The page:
I just hate myself so much right now!
I’ve heard this sentence uttered too many times to count. Honestly? I’ve said it too, both in my head and aloud. And I bet you have as well.
Self-loathing has become this strangely socially acceptable practice whereas loving oneself as we are has become a radical act: something so uncommon that when we see people claim it, we usually either think they’re faking it. Or, that they have a secret that they’re not sharing with the rest of us.
Some kind of magic pill that they’ve discovered and that makes everything better for them than it will ever be for us. Maybe we just don’t deserve it, after all.
Still, self-loathing as a default is nothing if not destructive and, quite frankly, pointless.
SELF-LOATHING ISN’T CONDUCIVE TO CHANGE
Let that sink in for a moment. This is actually the opposite of what most people deeply believe, if not through the words they say, then certainly through their actions: people clinging to the notion that if their disgust of themselves runs deep enough, then they’ll be able to effect change in their life.
Except this notion is flawed. Because self-loathing keeps us absolutely stuck.
We can’t hate ourselves into a version of ourselves we can love.
I maintain that there are two meta-emotions that guide us through life. One is LOVE and the other is FEAR. Obviously, self-loathing belongs alongside fear.
Fear is what prevents us from taking action.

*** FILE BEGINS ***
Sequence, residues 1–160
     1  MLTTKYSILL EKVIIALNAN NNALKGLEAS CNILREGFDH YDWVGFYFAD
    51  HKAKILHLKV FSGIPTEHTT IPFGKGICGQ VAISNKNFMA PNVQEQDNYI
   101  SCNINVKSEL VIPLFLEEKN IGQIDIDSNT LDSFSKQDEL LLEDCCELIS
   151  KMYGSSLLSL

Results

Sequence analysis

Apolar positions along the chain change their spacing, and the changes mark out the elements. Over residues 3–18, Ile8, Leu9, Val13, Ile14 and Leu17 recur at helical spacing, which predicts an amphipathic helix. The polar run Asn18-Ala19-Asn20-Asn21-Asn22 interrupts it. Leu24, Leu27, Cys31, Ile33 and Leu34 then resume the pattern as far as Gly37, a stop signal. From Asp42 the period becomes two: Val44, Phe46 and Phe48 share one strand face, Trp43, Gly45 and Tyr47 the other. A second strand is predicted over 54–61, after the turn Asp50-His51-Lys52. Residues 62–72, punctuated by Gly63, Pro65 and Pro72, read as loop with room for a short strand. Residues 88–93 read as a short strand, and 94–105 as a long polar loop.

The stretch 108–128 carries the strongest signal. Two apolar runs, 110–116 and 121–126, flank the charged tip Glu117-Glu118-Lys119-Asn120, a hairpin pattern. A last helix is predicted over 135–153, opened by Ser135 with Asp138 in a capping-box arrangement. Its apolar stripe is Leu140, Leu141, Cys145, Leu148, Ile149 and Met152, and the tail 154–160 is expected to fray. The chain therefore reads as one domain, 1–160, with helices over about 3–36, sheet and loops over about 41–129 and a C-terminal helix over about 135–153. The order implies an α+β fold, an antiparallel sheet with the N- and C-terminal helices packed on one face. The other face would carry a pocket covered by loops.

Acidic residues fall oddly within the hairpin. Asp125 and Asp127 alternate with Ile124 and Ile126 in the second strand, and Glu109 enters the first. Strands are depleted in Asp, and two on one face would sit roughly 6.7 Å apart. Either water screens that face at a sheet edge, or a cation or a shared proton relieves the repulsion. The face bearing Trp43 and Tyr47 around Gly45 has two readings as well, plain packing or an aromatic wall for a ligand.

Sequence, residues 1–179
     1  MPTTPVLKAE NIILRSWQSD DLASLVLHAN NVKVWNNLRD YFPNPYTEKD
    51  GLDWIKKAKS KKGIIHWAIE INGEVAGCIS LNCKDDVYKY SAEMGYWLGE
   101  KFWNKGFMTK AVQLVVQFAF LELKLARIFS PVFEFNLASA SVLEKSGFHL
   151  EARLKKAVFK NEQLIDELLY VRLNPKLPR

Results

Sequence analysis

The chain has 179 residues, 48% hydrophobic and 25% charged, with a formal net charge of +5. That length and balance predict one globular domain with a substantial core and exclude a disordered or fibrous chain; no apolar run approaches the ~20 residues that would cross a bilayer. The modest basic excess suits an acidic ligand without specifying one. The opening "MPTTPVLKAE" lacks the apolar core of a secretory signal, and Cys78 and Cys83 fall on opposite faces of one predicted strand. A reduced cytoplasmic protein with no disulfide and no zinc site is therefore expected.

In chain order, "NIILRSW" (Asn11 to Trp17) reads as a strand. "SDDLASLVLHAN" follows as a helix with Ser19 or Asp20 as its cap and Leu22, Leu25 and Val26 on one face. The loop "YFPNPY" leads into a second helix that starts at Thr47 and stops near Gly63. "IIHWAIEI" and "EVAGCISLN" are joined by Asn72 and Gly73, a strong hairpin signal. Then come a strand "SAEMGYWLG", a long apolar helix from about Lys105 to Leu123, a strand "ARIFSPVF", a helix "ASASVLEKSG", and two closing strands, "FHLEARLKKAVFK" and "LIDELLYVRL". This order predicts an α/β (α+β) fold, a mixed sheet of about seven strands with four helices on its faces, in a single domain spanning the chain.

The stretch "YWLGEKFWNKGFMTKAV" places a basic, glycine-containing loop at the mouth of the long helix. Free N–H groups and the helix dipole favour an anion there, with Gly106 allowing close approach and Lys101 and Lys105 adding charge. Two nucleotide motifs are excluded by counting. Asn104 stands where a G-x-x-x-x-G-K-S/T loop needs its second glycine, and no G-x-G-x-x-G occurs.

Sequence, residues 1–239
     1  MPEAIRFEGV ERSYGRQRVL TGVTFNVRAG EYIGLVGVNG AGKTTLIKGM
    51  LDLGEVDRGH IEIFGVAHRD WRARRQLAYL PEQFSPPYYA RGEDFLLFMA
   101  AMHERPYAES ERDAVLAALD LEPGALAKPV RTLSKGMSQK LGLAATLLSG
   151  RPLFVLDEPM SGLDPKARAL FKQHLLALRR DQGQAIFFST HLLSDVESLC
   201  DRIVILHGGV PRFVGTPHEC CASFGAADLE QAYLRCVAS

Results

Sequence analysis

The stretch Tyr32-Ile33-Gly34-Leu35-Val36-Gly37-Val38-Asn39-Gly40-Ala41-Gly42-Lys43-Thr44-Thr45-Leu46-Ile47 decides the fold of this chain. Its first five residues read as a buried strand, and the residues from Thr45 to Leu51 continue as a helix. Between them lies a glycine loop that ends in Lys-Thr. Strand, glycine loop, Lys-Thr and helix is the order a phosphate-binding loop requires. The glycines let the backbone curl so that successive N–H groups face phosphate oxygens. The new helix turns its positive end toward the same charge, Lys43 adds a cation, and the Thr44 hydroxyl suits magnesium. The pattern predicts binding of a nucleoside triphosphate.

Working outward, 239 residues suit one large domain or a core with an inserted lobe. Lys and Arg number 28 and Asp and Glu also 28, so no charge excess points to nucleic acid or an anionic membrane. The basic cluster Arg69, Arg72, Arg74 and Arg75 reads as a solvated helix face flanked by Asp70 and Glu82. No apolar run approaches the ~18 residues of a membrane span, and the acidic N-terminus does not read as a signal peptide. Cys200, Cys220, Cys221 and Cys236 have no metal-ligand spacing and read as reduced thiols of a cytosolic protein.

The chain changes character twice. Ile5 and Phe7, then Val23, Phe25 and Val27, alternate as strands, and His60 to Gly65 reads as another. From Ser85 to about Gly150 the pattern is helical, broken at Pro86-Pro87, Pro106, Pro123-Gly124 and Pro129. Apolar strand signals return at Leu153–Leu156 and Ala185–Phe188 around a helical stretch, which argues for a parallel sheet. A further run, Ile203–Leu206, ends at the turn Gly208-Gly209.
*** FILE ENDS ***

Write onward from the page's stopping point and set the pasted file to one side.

Fear is what keeps us playing small.
Fear is what whispers to us that it’s not worth it; that we’re not worth it.
When our desire to change is rooted in self-loathing, we’re sabotaging ourselves before we even begin: why take risks for something―or someone―who isn’t even worthy of our love?
Self-loathing promotes status quo… or worse!
WHAT THE ALTERNATIVE IS (AS UNLIKELY AS IT SEEMS)
One thing we don’t often realize is that while self-loathing keeps us playing small, it also keeps us compliant. It keeps us consuming, like addicts, media and products which reinforce how poorly we feel about ourselves. Toxic can only yield toxic. Once we awaken to this, we already own an extremely powerful key: the choice not to buy into this―literally.
Here are a few tools you can implement:
Stop consuming media that feeds into your self-loathing.
This can be websites, magazines, social media, etc. How can you tell which are toxic for you? Take a moment to tap into your feelings: how do you feel after you’ve consumed it? On top of the world and ready to rock life, or meager and inadequate? Be honest.
Ask yourself: Am I thinking and acting from a place of love or from a place of fear?
Here too, you’ll have to ask and answer with uncompromising honesty―but it doesn’t mean that you have to judge yourself negatively for your answer. Often, our behaviours are guided by fundamental human fears: fear that we won’t belong, fear that we can’t be appreciated for who we truly are.
But we get to reject that fear. When we give ourselves permission to choose love in all of our thoughts and our actions, we get to respond with compassion, be it towards ourselves or towards others. And that’s the game changer.
Don’t paralyze yourself with spinning thoughts of inadequacy. You are deserving―right here, right now―of all the good things you want to implement in your life. It all starts with one simple step.
Programmed in self-hatred, many of us shadow-box the light of day away and chase everything meaningless the night through until we perish more ignorant and confused than the very day we were born.
D. Allen Miller
Take that step―remember that it will not fix you, because you are in no need of fixing―and then take another. If it’s a step back that you need to take, go ahead. If it’s a change of strategy, go for it. You’re not failing; there is no failure. There’s only your own, beautiful, messy and unique journey!